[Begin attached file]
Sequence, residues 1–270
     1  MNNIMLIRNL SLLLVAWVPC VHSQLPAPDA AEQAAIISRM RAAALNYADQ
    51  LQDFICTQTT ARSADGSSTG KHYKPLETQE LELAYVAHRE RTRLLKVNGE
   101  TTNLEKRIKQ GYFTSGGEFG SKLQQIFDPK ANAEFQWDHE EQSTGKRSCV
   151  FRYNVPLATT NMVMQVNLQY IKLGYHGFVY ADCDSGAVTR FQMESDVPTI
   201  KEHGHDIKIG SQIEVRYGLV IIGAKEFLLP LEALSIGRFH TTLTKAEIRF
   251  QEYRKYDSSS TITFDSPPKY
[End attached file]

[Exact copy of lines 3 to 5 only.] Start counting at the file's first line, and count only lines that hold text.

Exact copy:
    51  LQDFICTQTT ARSADGSSTG KHYKPLETQE LELAYVAHRE RTRLLKVNGE
   101  TTNLEKRIKQ GYFTSGGEFG SKLQQIFDPK ANAEFQWDHE EQSTGKRSCV
   151  FRYNVPLATT NMVMQVNLQY IKLGYHGFVY ADCDSGAVTR FQMESDVPTI